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Author: Subject: Thermodynamics - Heat of Vaporization change with pressure
FluoroPunch
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Thermodynamics - Heat of Vaporization change with pressure

I'm a little unsure about how it's physically possible for the heat of vaporization of a substance to change as the pressure is reduced.

As I understand, this is the case so I'm not doubting that, I just don't understand how this is possible. From what I know, enthalpy is a state function, so the path taken should not matter, only the end state. This doesn't seem to agree with the heat of vaporization changing as the pressure is reduced. Shouldn't the energy to turn a liquid into a gas be constant since it's a path function? Perhaps its simply because the intermolecular forces do not prevent vaporization as much when the pressure is reduced. It just doesn't make sense thermodynamically...

Could anyone clarify? Maybe I'm just tired or going insane...or missing something simple?
DraconicAcid
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The enthalpy of vaporization will change slightly with pressure. Enthalpy is a state function, but a low-pressure end state isn't the same as a high-pressure end state. I don't know how to calculate the deltaH for gas going from one pressure to another, but I wouldn't be surprised if it's non-zero.

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FluoroPunch
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 Quote: Originally posted by DraconicAcid The enthalpy of vaporization will change slightly with pressure. Enthalpy is a state function, but a low-pressure end state isn't the same as a high-pressure end state. I don't know how to calculate the deltaH for gas going from one pressure to another, but I wouldn't be surprised if it's non-zero.

So if I'm understanding correctly, what you're implying is that there's some enthalpy change due to the pressure change? That makes sense... So its kind of like how after a reaction you have to bring the reactants to the same temperature at the start of reaction to find out the total heat of reaction, only in this case you would have to bring the pressure back to what it was initially after vaporization/condensation?
DraconicAcid
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Quote: Originally posted by FluoroPunch
 Quote: Originally posted by DraconicAcid The enthalpy of vaporization will change slightly with pressure. Enthalpy is a state function, but a low-pressure end state isn't the same as a high-pressure end state. I don't know how to calculate the deltaH for gas going from one pressure to another, but I wouldn't be surprised if it's non-zero.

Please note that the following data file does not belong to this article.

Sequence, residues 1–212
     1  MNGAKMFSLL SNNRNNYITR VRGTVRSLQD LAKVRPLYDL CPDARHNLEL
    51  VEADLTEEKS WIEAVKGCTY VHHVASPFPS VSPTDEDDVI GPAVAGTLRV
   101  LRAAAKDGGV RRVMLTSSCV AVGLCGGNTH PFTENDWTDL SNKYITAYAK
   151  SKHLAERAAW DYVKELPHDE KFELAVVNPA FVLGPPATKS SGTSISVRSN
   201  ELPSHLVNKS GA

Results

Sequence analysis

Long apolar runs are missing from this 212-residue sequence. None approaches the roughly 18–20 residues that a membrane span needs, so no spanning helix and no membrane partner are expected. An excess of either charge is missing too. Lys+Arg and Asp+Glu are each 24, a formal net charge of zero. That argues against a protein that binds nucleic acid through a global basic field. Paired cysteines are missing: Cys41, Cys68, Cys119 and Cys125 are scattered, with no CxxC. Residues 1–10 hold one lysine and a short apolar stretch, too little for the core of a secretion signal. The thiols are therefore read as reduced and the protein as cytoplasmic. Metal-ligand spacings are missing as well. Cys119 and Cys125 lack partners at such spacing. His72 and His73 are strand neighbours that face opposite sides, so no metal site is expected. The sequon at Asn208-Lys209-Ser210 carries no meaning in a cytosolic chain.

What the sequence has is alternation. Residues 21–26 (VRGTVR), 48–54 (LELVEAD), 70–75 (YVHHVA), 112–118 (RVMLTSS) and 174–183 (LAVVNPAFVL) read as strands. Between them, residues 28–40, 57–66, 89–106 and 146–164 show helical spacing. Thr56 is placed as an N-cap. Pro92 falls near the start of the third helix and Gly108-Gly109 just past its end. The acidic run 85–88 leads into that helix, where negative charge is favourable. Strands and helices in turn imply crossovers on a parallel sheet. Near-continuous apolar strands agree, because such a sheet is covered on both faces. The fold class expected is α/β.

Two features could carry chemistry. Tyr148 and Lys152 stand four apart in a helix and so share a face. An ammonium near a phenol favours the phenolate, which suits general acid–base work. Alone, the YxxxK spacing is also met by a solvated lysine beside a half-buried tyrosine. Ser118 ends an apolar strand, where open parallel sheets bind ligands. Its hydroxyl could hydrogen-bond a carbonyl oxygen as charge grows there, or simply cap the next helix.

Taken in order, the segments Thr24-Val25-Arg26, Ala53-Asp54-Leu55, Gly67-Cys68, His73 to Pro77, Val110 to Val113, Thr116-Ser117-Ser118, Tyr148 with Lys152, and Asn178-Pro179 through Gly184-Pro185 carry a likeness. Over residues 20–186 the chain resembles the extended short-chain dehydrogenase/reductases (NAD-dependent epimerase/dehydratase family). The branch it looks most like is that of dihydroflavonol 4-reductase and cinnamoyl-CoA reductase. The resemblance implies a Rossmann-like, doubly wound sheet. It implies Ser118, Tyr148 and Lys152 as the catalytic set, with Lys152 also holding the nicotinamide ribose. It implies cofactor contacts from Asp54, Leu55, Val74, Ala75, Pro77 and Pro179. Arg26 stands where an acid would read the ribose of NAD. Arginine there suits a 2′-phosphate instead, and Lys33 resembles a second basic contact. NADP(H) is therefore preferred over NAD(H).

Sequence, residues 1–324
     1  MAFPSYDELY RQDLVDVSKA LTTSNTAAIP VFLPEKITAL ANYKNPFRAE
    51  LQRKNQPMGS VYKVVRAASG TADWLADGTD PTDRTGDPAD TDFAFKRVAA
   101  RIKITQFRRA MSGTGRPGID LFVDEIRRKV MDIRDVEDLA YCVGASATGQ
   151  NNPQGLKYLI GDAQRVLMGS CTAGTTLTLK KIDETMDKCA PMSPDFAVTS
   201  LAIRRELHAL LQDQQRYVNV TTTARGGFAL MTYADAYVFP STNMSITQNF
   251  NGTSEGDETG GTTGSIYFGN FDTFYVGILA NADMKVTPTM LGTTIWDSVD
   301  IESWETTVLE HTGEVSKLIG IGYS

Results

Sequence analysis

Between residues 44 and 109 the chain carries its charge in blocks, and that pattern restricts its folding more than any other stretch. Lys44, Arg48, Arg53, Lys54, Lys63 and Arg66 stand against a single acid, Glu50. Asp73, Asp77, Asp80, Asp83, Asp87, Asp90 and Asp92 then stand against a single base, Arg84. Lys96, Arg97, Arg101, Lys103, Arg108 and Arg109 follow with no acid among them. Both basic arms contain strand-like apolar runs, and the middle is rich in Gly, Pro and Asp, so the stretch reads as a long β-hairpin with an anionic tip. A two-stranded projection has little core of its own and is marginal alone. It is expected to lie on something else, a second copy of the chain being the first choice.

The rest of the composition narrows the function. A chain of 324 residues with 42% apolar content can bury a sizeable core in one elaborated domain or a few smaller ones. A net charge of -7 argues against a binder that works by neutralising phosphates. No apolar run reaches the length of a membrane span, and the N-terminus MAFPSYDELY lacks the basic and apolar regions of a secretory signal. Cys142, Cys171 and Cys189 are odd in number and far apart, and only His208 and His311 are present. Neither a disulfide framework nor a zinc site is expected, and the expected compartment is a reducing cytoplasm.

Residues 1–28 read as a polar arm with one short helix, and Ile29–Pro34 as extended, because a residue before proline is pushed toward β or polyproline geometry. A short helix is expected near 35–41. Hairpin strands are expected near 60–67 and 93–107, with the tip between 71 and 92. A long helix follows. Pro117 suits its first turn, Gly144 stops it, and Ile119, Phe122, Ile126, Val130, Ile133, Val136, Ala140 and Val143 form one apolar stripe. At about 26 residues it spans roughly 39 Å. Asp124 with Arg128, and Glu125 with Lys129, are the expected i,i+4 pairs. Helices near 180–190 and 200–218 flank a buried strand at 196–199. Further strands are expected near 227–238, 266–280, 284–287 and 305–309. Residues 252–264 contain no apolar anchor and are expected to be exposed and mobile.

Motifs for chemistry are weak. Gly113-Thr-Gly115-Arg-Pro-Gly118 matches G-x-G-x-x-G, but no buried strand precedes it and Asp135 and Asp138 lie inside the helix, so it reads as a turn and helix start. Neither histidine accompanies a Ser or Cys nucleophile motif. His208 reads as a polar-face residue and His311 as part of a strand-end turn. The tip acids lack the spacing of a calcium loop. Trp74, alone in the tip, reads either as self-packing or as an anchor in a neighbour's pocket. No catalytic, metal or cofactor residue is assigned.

So if I'm understanding correctly, what you're implying is that there's some enthalpy change due to the pressure change? That makes sense... So its kind of like how after a reaction you have to bring the reactants to the same temperature at the start of reaction to find out the total heat of reaction, only in this case you would have to bring the pressure back to what it was initially after vaporization/condensation?

Yes. If you want standard delta(H), all the gases have to be at 1 atm before and after.

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FluoroPunch
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Alright that was the missing piece of the puzzle. Thanks a bunch
Magpie
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The definition of enthalpy is "internal energy" + PV. So why wouldn't the enthalpy change with pressure.

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FluoroPunch
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 Quote: Originally posted by Magpie The definition of enthalpy is "internal energy" + PV. So why wouldn't the enthalpy change with pressure.

Oof...you're right. Guess I'm getting rusty on the basics I think that's explains it best, it is a function of pressure.
CharlieA
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From a theoretical view (definitely not my forte!), I would think that a substance would vaporize more easily (require less energy) at a lower pressure because the liquid molecules would have to "fight against" fewer vapor molecules to enter the gas phase (vaporize).
(Is that pretty deep for me, or what?) Regards, Charlie A
FluoroPunch
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